The Windows 7 upgrade scam

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Miguel Moro Vallina
@miguelmorovallina
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A fraud, specifically one phishing attack, has targeted employees of many companies who still use it as an operating system on their computers Windows 7. Through a fake email, some criminals would be hoarding access credentials, putting the security of sensitive data and information at risk.




The scam acts in a subtle way: in the text, in fact, employees are invited to update the operating system of your computer a Windows 10. Once clicked on the link inside, the user is redirected to a fake Outlook login page where to enter the credentials, thus leaving them at the mercy of cyber criminals. To leverage the good faith of users is precisely the invitation itself that does not sound completely false: Windows 7 has reached the end of its life cycle, what in English is called EOL (end of life), last January 14 and Microsoft itself has repeatedly urged companies to quickly provide for a general upgrade.

Windows 7 update scam: what the email looks like

How to know if you are under phishing attack? Just look carefully at thee-mail. The first signal comes from the subject of the message: "Re: Microsoft Windows Upgrade". According to some researchers, the presence of the "Re:", that is a reply, would instill in the reader the need to respond quickly to the communication because a previous message on the subject could have been lost or escaped attention.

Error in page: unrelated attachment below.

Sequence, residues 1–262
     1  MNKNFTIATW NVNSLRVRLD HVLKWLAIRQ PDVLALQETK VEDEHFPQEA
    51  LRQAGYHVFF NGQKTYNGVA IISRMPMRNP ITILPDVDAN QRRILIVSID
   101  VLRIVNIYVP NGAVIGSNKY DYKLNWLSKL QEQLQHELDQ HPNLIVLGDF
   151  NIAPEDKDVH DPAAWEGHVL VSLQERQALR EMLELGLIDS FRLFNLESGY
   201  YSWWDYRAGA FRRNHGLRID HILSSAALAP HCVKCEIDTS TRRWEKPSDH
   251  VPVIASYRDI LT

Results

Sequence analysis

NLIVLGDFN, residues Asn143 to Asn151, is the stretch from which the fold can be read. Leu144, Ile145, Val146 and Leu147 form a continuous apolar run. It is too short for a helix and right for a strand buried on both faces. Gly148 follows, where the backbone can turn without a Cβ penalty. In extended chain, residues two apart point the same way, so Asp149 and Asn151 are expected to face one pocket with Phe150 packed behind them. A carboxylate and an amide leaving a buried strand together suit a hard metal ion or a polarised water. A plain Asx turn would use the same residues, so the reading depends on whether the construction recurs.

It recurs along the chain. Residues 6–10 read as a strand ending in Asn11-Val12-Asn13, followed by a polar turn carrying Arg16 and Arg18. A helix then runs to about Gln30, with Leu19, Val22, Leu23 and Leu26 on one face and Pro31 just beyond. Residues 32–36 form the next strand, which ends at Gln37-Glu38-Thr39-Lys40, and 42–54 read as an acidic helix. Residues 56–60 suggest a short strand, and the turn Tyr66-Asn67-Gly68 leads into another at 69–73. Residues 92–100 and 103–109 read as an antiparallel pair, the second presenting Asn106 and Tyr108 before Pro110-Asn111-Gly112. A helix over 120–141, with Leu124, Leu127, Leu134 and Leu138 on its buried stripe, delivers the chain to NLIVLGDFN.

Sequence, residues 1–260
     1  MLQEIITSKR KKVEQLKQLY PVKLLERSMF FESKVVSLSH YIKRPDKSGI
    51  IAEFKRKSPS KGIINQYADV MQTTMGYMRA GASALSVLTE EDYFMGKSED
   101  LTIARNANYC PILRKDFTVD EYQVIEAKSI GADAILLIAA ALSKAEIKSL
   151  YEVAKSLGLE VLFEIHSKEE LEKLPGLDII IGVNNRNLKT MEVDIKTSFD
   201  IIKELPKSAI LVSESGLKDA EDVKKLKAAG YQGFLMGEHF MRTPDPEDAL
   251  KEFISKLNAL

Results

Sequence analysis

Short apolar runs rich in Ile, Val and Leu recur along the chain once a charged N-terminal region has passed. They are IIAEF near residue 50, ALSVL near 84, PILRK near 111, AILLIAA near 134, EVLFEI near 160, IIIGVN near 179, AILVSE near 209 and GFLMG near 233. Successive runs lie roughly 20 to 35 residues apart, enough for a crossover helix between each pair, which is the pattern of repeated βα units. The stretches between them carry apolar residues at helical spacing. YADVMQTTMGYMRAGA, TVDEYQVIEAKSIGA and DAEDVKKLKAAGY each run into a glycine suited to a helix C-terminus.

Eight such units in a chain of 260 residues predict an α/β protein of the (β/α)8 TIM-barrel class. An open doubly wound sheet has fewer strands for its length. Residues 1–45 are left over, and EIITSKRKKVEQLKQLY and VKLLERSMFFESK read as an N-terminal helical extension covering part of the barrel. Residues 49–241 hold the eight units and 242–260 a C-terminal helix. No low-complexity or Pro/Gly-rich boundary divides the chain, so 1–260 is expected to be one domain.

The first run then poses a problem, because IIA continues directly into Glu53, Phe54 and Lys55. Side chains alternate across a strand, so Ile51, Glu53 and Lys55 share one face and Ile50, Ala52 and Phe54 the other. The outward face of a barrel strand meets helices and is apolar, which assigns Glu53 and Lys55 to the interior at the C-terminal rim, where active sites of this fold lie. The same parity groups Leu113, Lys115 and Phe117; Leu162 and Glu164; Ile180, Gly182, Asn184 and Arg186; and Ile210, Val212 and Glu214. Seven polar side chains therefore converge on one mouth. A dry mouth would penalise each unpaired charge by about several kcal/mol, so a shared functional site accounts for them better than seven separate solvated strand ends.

Another signal is the text: often the content, where the link that leads straight into the mouth of the criminals is contained, appears with an irregular formatting, such as incorrect spaces or words with capital initials where not required. In short, all small flags that can put you on alert, especially if you think that the sending should have an official character. Even the sender should arouse some suspicion: the mail domain is not that of your company but, in most cases, external or simply a series of alphanumeric characters without any sense.


Windows 7 Update Scam: What Happens If You Click

If by chance, distraction or good faith you find yourself clicking on the link you are quickly redirected to one landing page which replicates, or at least tries, the one-page login screen Outlook Web App. At the center of it, a form awaits the insertion of the victim's username and password.



Also in this case, having a little eye can help: although the page is accompanied by a valid SSL certificate, the layout is particularly inaccurate. The similarities with the original, in fact, do not go beyond the presence of the two data boxes; everything else appears not only different from the structure of the original but also patchy and absolutely not credible. Enter your credentials, that's it: you are redirected to the Microsoft page relating to the conclusion of support for Windows 7 and you can say goodbye to your identifiers.


The Windows 7 upgrade scam


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